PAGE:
Ten reasons for theatre lovers to be crazy excited for 2014

Yawn, it’s January and we’re all back at work, dully wondering if we can even face up to  2014, and existing on celery in misguided attempts at self-betterment. And it’s constantly either raining, windy, cold or all three.

Kick-start your year with these happy thoughts.

1. The Sam Wanamaker Playhouse is open. For anyone who gives 2 craps about Shakespeare this is the most exciting thing since Shakespeare in Love came out and we could all grin knowingly and smugly all the way through like a Conan Doyle geek reading a Sherlock blog.


You must have heard about it. Those fabulous people at The Globe have built a Jacobean theatre. If you think this isn’t as interesting as when The Globe first opened, you’re reading the wrong website. It’s lit by candles, it’s going to have a star trap door that shoots people out, it’s the first Jacobean theatre we’ve got to watch gut-wrenching plays like the Duchess of Malfi in as they were first seen. We’re already finding out new discoveries about how Shakespeare’s theatre went down, particularly the effects of performing indoors by candlelight. For example, they now reckon people might have actually worn those big white ruffs because they reflected more light on the face. Best of all: the candles cost £500 per performance and take 3 hours to set up, the star trap will cost £25,000, the whole thing’s cost £7.3 million to build, it only seats 350 but the tickets start at £10. Personally I see this as proof that decimating arts funding and expecting theatres to rely on ticket sales destroys our national intellect and will inevitably reduce London’s theatre to endless productions of Shrek the musical at £70 a seat. But whether you agree or not, you should be bloody excited about the Sam Wanamaker opening.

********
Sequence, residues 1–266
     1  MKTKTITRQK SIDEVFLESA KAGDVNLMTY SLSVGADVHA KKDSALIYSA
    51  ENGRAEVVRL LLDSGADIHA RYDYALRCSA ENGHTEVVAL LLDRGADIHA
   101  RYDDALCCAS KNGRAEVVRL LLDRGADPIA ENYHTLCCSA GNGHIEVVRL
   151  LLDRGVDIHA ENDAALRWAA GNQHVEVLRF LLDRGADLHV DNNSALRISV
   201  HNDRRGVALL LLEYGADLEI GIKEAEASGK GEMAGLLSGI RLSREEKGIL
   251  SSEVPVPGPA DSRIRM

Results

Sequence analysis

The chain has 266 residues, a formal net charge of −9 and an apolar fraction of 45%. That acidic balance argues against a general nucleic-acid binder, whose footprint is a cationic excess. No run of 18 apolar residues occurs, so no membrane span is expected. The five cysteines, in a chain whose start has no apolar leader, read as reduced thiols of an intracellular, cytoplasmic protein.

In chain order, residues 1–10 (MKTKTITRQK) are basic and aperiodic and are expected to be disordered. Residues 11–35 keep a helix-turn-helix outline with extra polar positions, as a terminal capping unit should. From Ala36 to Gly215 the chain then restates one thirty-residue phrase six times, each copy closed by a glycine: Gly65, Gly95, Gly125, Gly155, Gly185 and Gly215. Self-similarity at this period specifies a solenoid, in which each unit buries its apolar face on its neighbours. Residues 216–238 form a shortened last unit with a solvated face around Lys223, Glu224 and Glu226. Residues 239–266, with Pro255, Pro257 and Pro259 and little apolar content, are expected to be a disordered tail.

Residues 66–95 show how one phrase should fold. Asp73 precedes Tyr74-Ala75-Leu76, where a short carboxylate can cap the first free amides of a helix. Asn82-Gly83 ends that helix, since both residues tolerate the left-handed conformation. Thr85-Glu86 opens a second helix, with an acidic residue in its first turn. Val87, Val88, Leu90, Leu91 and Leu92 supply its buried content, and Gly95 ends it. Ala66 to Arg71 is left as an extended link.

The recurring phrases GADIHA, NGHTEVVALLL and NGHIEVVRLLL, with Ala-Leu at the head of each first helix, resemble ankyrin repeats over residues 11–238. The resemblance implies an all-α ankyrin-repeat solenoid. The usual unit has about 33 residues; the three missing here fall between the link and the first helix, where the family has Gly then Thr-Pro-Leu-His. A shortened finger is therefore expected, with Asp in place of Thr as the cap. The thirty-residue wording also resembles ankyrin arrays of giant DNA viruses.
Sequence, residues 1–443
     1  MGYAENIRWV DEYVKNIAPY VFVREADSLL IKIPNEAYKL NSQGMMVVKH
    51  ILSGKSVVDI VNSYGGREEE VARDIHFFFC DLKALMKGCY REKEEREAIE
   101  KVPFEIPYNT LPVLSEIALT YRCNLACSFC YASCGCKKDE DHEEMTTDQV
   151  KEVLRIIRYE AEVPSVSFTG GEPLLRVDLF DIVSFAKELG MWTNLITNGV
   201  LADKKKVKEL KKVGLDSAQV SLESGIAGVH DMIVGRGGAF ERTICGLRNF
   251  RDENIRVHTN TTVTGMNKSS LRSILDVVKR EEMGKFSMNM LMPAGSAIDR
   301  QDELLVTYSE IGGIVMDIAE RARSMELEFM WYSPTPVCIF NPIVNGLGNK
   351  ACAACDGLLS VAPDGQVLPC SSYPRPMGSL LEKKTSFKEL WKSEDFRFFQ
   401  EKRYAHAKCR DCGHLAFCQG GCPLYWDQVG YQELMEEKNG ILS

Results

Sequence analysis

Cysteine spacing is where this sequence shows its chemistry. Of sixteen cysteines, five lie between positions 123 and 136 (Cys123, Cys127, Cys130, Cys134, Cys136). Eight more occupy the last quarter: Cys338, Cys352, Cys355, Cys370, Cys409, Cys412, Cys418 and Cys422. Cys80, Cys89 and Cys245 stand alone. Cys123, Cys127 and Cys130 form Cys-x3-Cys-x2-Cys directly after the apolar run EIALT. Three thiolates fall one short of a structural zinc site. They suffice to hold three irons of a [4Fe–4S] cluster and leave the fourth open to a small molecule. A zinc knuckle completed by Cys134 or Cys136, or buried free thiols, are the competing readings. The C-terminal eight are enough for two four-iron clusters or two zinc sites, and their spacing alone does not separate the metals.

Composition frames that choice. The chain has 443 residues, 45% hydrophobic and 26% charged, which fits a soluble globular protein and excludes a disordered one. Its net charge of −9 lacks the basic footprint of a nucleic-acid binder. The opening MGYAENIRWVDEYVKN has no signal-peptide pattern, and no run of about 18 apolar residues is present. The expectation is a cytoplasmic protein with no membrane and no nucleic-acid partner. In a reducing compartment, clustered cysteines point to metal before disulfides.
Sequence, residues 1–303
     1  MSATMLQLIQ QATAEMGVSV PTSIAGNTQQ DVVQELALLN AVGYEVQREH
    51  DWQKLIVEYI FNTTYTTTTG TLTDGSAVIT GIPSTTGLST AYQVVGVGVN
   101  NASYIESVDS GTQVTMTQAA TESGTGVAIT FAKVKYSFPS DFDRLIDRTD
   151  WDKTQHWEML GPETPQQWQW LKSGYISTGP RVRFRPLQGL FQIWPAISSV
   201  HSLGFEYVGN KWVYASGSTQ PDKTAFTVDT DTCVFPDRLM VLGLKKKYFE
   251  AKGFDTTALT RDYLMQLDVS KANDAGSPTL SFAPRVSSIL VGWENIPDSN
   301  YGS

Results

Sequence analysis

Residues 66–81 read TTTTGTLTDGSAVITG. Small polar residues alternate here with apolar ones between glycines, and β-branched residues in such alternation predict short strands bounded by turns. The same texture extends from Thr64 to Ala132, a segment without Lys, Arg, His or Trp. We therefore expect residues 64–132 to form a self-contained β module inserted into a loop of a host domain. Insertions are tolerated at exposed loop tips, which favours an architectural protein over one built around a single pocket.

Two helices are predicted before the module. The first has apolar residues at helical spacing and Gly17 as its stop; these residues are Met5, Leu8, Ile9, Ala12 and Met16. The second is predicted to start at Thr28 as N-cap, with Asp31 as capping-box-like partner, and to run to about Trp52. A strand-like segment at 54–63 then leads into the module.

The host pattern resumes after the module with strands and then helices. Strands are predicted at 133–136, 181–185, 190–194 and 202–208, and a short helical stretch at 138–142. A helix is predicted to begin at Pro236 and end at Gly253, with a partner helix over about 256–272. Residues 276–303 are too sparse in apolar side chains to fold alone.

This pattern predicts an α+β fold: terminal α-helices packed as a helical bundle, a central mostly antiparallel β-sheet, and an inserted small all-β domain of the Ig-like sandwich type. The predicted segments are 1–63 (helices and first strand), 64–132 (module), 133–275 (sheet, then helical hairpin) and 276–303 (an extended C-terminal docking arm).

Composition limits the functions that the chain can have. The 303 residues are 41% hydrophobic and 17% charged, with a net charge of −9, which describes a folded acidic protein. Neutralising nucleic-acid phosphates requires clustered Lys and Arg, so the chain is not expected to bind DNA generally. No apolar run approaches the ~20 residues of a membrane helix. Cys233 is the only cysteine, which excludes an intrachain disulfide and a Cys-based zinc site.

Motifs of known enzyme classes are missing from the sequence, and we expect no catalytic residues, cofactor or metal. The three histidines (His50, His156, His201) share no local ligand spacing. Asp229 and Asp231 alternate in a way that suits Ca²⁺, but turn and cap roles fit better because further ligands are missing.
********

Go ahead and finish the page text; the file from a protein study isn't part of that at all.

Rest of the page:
2. You can still go and see a curious incident. Yup, it’s moving next door to the Gielgud, because the Apollo have had to close their top balcony and can no longer stuff enough people in to make the NT happy. (Read what I thought about the Apollo collapsing.)

3. Not I/Footfalls/Rockaby transfers from the Royal Court. Nimax still have reasons to be cheerful though, personally I’m excited to see Lisa Dwan’s one-woman Becket Trilogy, Not I/Footfalls/Rockaby. I was reading recently in Benedict Nightingale’s book Great moments in the theatre (fascinating read, highly recommend) about how much actors who have previously performed Not I have hated it. Nightingale saw Billie Whitelaw’s performance in 1973 and says Whitelaw later confided that she found the fast gabbled monologue hellish to learn.

Lisa Dwan as the mouth in Not I, by Samuel Beckett

In order to be reduced to a mouth in a spotlight, she was also strapped into a chair with her head in clamps, a mask over her eyes and everything including her teeth blacked out, clutching a bar so hard it rubbed skin off her palms and talking so fast she had no time to swallow her saliva. Jessica Tandy, who performed it in the US found it similarly uncomfortable. Given it sounds like a bloody nightmare to perform, the chances to see this and two other of Becket’s brutal, short, later works can’t come around too frequently. Go see them.